Mary Fox has devoted her life to the craft of pottery, and now she hopes her legacy will help shape the careers of future potters.
Before she was an internationally acclaimed artist, Fox struggled to find places to rent that could accommodate a studio. She managed to find studio spaces, but few of them inspired creativity. In her early years, one of the things that would have helped her the most was access to a low cost, fully equipped studio. After a conversation with her late wife, Fox embarked on the beginning of the Mary Fox Legacy Project.
“I’ve had a lot of basement studios in my life,” Fox said. “It’s very challenging for a young artist to get started. Ceramics is not like painting, you need a lot of equipment and space. The other thing is it takes a lot of years to hone your skills. It doesn’t happen overnight. I’m constantly hearing from young potters about the challenges they encounter trying to find studio space.”
Fox and her wife shared their home in Ladysmith for 16 years. During that time, she worked in the small garage attached to their house. It was the nicest space she had worked in up to that point. However, as her practice grew, the space felt smaller and smaller – she hardly had room for her equipment, let alone display what she was making. Fox began to envision her dream studio, and in August 2008, one year after her wife died, she lifted her home and built her dream.
Her home is now a breathtaking gallery, complete with a creation room and her old studio has become the kiln room. Upstairs is an open plan kitchen and living room with built in shelves to display her Mary Fox Collection. There is a photography room, and a work desk – everything a potter needs to work and document the work is on-site. The final floor is the loft, a beautiful space where Fox retreats at the end of her long working days.
When Fox passes away, the Mary Fox Legacy Project will ensure that her dream is maintained. Fox envisions an Artist Residency Program run at Mary Fox Pottery where a ceramic artist under the age of 30 can apply for a two-year residency, with an option of staying on for a third year.
The Legacy Project will be responsible for maintaining the building, grounds, equipment, taxes, and insurance. The artist would only be responsible for their supplies, utility costs, and ensuring that the gallery is open to the public Tuesday - Saturday from 11:00 am - 5:00 pm. The residency would be open to artists across Canada.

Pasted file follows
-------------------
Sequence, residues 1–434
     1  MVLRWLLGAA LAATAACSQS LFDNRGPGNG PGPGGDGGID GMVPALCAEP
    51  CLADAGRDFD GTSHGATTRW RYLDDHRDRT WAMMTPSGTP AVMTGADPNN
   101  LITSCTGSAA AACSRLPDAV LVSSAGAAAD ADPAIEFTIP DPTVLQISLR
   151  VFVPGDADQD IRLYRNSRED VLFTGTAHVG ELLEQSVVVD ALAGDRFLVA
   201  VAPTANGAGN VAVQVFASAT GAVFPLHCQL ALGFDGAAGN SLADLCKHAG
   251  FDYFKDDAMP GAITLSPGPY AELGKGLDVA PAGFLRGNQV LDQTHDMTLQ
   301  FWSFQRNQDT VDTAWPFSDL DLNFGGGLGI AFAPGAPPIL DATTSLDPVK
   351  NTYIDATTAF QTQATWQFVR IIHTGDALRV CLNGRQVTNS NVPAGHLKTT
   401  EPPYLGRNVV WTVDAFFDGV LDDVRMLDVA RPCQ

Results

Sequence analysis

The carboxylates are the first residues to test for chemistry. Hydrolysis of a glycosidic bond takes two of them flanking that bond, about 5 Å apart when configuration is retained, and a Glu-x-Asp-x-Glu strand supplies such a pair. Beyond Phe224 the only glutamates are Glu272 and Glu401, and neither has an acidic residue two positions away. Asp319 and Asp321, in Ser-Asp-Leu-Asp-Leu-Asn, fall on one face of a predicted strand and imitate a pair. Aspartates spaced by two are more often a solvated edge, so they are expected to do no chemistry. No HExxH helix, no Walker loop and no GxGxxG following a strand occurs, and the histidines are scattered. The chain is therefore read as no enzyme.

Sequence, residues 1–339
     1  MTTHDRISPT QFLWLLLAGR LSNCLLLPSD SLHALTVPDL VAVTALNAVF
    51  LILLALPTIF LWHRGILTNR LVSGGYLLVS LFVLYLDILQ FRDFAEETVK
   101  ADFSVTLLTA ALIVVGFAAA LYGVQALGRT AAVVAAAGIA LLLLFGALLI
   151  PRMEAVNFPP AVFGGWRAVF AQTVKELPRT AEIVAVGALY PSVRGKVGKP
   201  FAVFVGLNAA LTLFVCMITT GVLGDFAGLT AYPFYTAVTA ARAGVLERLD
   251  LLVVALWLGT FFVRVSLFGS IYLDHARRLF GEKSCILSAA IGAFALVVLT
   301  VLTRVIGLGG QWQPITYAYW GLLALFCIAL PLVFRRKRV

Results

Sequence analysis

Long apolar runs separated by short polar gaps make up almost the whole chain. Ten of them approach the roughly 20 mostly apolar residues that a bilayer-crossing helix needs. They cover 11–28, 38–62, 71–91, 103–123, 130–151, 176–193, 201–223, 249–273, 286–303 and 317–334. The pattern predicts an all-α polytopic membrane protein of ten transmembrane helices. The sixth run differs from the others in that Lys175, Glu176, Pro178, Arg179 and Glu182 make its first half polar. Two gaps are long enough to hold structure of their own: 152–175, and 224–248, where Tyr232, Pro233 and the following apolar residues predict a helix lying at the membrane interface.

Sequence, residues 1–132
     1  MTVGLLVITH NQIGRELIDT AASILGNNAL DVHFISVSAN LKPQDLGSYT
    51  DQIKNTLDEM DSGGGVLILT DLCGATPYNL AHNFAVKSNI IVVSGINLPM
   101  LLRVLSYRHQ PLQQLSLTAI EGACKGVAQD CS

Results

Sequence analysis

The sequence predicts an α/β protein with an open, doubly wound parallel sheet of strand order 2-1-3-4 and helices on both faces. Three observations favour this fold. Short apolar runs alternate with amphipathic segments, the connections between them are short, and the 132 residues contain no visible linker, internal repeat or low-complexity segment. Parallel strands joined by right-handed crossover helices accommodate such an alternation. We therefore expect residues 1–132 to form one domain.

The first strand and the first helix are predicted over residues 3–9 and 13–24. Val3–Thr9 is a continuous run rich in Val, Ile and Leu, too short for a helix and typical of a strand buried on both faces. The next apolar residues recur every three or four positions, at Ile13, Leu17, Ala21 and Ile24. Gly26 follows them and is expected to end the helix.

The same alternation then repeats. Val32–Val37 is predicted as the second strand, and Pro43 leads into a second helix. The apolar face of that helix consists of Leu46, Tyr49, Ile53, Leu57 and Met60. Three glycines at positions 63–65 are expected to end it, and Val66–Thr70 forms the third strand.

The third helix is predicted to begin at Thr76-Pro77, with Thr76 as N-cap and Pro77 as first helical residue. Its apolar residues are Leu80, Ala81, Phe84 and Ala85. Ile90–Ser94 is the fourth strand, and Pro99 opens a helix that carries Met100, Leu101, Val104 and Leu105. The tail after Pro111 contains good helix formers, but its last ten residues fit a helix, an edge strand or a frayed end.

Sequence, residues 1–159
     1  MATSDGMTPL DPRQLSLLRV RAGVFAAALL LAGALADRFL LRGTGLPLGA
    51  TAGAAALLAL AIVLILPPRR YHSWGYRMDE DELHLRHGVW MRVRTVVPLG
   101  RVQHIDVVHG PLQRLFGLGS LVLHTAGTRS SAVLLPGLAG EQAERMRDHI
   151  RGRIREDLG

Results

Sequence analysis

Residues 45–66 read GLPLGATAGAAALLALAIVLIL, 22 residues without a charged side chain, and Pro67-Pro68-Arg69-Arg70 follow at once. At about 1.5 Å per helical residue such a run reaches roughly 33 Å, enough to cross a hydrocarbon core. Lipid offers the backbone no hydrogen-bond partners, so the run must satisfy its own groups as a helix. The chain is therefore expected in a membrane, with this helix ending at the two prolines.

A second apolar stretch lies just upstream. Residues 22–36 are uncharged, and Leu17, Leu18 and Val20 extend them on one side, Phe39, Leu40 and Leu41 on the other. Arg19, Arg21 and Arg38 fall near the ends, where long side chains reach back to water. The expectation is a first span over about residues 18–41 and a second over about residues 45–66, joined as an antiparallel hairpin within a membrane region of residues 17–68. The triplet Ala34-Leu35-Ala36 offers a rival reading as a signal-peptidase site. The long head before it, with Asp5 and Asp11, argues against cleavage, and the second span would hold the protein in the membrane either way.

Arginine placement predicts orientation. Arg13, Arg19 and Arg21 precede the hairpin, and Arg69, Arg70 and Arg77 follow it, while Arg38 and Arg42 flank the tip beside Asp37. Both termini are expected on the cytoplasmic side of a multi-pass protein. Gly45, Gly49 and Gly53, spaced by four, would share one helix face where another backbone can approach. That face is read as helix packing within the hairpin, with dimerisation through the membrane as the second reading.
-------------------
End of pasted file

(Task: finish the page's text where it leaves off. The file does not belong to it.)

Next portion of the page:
“The reason why it’s such a long residency is so they can really dive into the work. They will be able to sell the work they are creating in the gallery and hopefully by time their residency is over, not only have they learned a lot about the craft, but they’ll also have saved some coin to help start their own studio pottery.” Fox said.
A society has been established for the Legacy Project, and a board of directors will oversee operations of the project. Fox has set up an endowment fund through the Vancouver Foundation and the Craft Council of B.C. to which people can donate and receive a tax receipt.
For now, Fox is hard at work on a book that is part memoir, and part ceramic skills guide. Her book is expected to be published early summer, 2020 by Harbour Publishing. Fox has always planned on writing a book and had photographs taken over the years of her work since her early beginnings as a clay artist.
“I envisioned writing the book when I was in my 70s, but it was suggested to me that I write it now so I can talk about and promote the legacy project,” Fox said.
Once the book is published, Fox will begin the work of raising awareness and funds for the Legacy Project. Fox is looking to raise over $1 million for the endowment fund to ensure the Legacy Project can continue in perpetuity.
For more information on the Mary Fox Legacy Project, visit: maryfoxpottery.ca/legacy.